Without an outlet or opportunity to foster healthy emotional expression, men dominate suicide statistics and it’s no coincidence that they are the gender more likely to suppress emotions. Suffering beneath the gravity of conventional masculinity, men resort to violence or extreme behaviours, desperate to express themselves, yet unable to fit the stereotype of what it means to be ‘a real man.’ The frustration can quickly build, fester, and ultimately manifest into shame and humiliation.  Feeling such a sense of failure, many men experience severe mental health issues unable to find a way out or seek the help they need.  So whilst women are able to publicize their unhappiness because they have been given the tools to weave together beautiful, expressive words, men may stay silent. If they do get upset, young men especially teenagers, risk being branded ‘a girl!’.

So what can be done?

  1. If you or someone you know is emotionally distressed or in crisis, the most important first step is to talk. Begin a conversation with a friend, family member, health professional or support service and allow yourself to express what you think the issue is.Often the first step is the recognition that the issue is a big one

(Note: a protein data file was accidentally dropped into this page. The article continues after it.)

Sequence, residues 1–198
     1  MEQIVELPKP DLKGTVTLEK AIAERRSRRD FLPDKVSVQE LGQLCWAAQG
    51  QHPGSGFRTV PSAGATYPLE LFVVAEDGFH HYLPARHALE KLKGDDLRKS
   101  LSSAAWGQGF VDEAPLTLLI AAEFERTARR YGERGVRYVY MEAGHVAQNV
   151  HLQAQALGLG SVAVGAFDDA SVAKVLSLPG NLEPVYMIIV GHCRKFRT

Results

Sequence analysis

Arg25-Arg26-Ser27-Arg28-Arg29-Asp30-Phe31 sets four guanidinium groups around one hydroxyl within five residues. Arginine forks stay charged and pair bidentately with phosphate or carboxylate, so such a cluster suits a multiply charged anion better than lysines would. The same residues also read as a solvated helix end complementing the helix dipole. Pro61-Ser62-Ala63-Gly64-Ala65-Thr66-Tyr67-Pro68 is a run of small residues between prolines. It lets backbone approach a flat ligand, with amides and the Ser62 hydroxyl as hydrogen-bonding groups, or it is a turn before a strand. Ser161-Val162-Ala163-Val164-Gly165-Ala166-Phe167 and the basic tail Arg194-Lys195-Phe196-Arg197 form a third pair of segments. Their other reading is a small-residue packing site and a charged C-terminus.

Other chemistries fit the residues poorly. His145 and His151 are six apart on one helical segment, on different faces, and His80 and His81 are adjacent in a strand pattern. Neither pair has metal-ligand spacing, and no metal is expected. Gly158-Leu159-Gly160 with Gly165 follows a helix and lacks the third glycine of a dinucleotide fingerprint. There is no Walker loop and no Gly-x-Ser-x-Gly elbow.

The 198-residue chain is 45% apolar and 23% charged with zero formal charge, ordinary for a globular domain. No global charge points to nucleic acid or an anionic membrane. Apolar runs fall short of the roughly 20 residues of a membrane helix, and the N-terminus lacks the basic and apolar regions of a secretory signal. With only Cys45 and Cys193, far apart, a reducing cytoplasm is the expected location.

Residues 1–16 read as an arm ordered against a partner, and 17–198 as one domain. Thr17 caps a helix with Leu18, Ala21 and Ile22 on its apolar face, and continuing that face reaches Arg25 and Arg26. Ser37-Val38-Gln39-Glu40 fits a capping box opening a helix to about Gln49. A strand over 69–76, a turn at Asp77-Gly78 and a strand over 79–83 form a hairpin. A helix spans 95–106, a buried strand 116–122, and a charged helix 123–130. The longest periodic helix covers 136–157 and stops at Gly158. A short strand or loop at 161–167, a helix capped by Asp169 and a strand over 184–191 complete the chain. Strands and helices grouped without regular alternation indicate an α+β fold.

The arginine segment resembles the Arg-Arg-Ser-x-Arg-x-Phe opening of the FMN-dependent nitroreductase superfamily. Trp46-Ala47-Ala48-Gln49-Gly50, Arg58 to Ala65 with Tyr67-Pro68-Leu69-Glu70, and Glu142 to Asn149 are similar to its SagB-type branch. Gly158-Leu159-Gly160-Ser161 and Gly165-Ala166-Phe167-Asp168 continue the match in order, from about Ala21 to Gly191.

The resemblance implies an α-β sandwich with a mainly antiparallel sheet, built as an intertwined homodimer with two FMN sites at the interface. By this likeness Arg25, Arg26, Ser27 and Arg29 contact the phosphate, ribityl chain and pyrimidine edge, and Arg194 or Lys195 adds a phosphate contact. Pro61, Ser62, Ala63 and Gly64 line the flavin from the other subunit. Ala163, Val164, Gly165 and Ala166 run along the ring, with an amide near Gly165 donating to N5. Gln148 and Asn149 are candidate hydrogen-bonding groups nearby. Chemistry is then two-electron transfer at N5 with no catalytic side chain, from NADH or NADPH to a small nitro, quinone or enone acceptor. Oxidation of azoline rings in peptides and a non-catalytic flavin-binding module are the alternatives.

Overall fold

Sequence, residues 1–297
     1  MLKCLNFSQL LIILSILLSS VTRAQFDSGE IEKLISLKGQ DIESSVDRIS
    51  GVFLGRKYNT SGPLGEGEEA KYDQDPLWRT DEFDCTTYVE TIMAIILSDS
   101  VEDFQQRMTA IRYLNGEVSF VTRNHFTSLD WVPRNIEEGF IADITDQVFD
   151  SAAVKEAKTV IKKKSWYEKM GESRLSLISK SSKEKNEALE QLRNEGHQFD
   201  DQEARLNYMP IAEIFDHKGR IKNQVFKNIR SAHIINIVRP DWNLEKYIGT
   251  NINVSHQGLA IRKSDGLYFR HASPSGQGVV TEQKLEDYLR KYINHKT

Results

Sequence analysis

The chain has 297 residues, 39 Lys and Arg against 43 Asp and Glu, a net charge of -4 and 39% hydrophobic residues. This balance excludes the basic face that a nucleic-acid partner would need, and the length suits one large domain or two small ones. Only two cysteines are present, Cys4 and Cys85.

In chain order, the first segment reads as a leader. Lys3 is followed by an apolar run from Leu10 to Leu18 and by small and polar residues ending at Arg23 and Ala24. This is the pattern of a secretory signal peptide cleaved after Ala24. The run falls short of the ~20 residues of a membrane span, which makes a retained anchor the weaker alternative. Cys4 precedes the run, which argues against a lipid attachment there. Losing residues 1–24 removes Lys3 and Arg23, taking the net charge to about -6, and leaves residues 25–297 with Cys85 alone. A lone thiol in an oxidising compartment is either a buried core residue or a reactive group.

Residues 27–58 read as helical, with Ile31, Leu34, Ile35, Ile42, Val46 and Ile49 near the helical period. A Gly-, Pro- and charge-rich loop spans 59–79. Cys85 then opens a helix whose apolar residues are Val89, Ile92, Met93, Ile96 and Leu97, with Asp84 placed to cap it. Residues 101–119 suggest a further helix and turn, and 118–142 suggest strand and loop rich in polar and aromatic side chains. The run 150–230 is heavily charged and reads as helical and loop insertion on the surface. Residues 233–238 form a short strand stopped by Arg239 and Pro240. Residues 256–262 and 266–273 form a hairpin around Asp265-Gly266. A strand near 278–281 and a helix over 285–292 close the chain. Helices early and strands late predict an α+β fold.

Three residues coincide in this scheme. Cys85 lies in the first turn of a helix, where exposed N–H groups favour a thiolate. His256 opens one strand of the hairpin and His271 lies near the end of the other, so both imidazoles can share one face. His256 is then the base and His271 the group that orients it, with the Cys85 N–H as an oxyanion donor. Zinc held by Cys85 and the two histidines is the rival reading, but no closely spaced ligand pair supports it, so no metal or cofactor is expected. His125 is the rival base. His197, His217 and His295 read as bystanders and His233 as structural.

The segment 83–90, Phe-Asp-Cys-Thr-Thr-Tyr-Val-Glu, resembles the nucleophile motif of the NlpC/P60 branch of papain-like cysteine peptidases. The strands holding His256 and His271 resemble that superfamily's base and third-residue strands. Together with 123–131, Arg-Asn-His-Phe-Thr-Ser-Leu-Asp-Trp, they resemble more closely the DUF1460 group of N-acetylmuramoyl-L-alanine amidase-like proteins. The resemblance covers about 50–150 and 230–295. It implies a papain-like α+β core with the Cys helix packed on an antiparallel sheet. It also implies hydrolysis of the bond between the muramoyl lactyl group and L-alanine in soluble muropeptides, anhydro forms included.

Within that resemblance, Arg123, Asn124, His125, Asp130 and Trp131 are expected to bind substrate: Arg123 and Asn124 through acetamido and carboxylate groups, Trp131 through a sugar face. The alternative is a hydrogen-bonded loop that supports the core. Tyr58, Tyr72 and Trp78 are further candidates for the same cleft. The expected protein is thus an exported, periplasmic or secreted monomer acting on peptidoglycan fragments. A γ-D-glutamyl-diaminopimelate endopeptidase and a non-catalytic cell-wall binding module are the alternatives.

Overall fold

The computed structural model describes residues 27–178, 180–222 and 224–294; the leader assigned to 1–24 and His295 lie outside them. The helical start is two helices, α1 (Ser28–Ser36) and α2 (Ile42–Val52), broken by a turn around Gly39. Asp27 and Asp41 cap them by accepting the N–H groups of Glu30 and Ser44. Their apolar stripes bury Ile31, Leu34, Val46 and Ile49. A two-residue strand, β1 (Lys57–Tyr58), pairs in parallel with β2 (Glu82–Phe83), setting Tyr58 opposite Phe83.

2. Reach out to your family and let them know you are in need of support. Help them work out what you need rather than having them guess. This may be nothing more than a hug when you come home but it is something specific and children in particular, like to feel they can be useful
  3. Pick very close friends or business colleagues and share the bones of the issue if you can. They can, and often do, appreciate being involved especially if the problem is one they could actually help resolve. If they really can’t help pick the friends who make you feel positive, and with whom you can be yourself even if you have to say ‘things are a bit rough right now’ and downplay it for the purposes of protecting your privacy.
  4. It can, and very often is, vital to seek support though. You would not attempt to carry on regardless if you’d broken your leg so emotional pain such as grief, disappointment, and changes in direction because your business or life is not going to plan, need input. There are business advisers, mentors, coaches and people like me out there. Doctors if you need medical advice, counsellors for deep sadness – but the first step is to reach out. So many issues in life can be influenced if not repaired, so please don’t feel the need to stay quiet. Seeking support, input and guidance is a sign of self-awareness and self-respect. You are recognising something you need and that is important. Teaching your children that it’s ‘ok’ to come to you is repeated in kind if you feel it’s ok to go to someone too.

    Guest blog by Sue Firth.
Adele Wolstenhulme